A major change is the near-elimination of the bonus program allowing extra height and density if developers meet certain conditions. By approving the proposal, the commission then could create bonus programs designed to achieve certain goals in certain areas, such as additional office space. “That is not unreasonable,” Little says.

The changes are contained in three proposed ordinances. Two would repeal the current regulations and replace them with the new rules, and make all the regulations consistent. Another would make the area along the Florida East Coast Railway track a fourth downtown “subdistrict” rather than a separate area. The proposal needs at least three votes tonight. There would be a second vote in two weeks.

Commissioner Shelly Petrolia is pleased with what she has seen. “They did what we asked,” she said Monday. Regarding the limits on and near Atlantic Avenue, “Someone may challenge it,” Petrolia said, “but it would be worth the challenge.”

Mayor Cary Glickstein said the changes would “provide clarity to everybody,” meaning residents and developers. A better bonus plan would “give a better understanding of what the public can expect in return” for more height and density. One area to target, he said, would be Federal Highway after the makeover is done.

Little says, “It is a testament to Delray Beach that every foot matters.” The proposal, he adds, is not formulaic. “It is tailored to this time and place.” Fifteen months of patient effort seem to have paid off.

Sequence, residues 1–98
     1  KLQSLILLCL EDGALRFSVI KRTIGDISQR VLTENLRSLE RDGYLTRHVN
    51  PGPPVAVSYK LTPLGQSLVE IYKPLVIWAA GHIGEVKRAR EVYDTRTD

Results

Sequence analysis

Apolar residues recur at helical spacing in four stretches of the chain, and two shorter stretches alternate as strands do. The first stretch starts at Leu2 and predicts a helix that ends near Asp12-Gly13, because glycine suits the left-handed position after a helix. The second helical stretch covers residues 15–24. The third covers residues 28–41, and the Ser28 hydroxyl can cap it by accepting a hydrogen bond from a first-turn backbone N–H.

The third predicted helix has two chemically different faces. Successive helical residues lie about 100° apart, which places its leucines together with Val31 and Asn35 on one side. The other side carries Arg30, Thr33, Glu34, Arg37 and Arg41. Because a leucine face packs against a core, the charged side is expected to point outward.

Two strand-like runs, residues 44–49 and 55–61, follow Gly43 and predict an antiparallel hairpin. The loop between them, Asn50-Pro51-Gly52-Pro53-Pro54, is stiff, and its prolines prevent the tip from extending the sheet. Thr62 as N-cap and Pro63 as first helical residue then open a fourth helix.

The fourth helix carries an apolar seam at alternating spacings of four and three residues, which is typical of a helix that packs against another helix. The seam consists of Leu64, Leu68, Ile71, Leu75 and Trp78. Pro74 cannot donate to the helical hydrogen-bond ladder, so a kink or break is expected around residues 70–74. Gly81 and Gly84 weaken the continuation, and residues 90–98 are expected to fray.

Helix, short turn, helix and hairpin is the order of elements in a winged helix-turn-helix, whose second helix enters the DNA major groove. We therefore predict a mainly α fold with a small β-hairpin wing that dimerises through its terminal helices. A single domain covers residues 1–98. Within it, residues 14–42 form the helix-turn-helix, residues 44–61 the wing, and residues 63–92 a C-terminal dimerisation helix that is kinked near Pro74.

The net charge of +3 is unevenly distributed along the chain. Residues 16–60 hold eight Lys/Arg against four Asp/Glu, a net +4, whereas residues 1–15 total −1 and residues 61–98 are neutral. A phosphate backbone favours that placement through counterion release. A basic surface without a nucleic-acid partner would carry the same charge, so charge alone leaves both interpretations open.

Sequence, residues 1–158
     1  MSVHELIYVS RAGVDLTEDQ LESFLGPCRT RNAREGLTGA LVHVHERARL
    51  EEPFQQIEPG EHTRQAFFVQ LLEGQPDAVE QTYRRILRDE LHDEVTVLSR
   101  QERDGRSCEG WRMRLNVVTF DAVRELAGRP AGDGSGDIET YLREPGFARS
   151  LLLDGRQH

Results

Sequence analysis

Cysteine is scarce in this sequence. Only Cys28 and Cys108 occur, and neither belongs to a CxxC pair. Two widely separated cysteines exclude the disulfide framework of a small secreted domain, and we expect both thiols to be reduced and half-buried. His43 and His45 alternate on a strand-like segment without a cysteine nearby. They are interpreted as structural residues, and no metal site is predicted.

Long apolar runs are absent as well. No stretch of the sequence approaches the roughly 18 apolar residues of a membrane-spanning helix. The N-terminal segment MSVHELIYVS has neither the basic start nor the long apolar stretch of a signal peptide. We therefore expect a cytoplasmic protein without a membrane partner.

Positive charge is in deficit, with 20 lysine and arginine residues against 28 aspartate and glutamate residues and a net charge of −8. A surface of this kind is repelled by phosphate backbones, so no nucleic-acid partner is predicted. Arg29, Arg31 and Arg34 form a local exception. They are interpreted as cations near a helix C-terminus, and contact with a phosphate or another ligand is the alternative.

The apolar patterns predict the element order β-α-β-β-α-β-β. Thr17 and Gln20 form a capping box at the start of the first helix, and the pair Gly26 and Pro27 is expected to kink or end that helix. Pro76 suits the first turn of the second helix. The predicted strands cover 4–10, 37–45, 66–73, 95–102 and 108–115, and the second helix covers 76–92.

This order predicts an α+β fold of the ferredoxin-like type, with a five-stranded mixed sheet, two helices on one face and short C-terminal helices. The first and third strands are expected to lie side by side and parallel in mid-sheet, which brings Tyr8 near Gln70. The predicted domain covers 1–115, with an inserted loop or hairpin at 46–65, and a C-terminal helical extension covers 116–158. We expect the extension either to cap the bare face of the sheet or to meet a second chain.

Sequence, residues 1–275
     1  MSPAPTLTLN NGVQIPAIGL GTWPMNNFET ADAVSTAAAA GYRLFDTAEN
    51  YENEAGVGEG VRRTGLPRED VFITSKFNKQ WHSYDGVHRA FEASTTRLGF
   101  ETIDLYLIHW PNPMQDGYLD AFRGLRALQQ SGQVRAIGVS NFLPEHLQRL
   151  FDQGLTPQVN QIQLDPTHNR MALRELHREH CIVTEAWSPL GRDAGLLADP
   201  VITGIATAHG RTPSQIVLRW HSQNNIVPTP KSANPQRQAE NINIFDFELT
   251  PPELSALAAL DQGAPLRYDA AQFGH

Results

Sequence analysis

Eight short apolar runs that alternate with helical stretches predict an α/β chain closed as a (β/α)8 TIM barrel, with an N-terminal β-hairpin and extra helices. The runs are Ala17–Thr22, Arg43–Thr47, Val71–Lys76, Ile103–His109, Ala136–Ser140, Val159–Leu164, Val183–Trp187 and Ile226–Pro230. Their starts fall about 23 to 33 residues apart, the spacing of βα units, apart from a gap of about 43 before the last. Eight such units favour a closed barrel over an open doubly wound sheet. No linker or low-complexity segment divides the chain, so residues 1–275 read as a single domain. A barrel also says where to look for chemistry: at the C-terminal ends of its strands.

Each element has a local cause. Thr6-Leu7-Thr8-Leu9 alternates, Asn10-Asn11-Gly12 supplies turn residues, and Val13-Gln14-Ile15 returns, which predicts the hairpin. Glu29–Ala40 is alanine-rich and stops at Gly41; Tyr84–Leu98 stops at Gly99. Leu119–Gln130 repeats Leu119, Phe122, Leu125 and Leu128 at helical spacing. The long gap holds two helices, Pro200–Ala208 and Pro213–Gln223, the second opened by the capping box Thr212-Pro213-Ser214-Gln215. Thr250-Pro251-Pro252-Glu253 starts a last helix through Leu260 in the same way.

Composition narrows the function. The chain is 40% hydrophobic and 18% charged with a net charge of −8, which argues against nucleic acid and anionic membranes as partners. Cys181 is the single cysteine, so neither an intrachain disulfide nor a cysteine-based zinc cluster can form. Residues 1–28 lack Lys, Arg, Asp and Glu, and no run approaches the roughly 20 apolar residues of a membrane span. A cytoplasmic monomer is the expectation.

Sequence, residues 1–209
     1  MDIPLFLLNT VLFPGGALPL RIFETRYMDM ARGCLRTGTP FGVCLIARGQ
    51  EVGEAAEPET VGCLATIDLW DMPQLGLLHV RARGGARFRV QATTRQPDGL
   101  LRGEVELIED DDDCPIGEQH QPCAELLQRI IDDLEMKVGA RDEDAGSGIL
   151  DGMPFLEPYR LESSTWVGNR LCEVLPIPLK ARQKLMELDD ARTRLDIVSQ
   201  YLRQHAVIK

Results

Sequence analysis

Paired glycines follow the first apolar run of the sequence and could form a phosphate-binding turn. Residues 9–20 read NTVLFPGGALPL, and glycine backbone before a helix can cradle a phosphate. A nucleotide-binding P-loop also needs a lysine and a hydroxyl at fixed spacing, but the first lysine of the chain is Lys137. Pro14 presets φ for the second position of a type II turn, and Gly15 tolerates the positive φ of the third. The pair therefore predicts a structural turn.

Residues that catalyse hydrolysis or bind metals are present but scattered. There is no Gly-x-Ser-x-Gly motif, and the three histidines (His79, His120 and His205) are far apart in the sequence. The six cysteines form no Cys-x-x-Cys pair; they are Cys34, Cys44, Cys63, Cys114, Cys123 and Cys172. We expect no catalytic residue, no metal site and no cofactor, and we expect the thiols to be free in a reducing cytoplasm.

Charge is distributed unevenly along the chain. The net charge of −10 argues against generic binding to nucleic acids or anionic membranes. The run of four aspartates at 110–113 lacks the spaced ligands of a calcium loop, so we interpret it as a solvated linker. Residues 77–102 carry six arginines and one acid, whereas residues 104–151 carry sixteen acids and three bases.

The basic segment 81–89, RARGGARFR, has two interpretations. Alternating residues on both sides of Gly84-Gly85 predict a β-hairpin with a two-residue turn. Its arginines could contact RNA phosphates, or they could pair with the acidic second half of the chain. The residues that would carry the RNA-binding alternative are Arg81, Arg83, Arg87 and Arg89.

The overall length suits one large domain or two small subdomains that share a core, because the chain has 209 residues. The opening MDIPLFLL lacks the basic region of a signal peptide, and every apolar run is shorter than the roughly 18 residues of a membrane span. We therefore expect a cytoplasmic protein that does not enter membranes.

On Wednesday at 9 a.m.—probably after little sleep—the commission will convene in a special meeting to rank competitors for Delray’s trash-hauling contract.

Two weeks ago, the commission had been asked to approve the ranking of an appointed selection committee. Then came the release to commissioners of emails that might have revealed a violation of the bidding rules. Because of that and other questions, the commission voted to issue its own ranking.

City Attorney Noel Pfeffer and City Manager Don Cooper investigated the emails. Last week, they concluded that there had been no intentional violations but that there were “potential incidental violations regarding an email inadvertently sent to a City employee and a mass mailer addressed to a City Commissioner from one of the proposers.” Translation: No harm, no foul.

The conclusion was not surprising. The most plausible theory is that a Waste Management employee thought that she was emailing the company’s lobbyist, whose email address is very close to the address of a city employee who was not involved in the trash contract.

Still, there are some humorous details in the rambling, sometimes redacted emails. Example: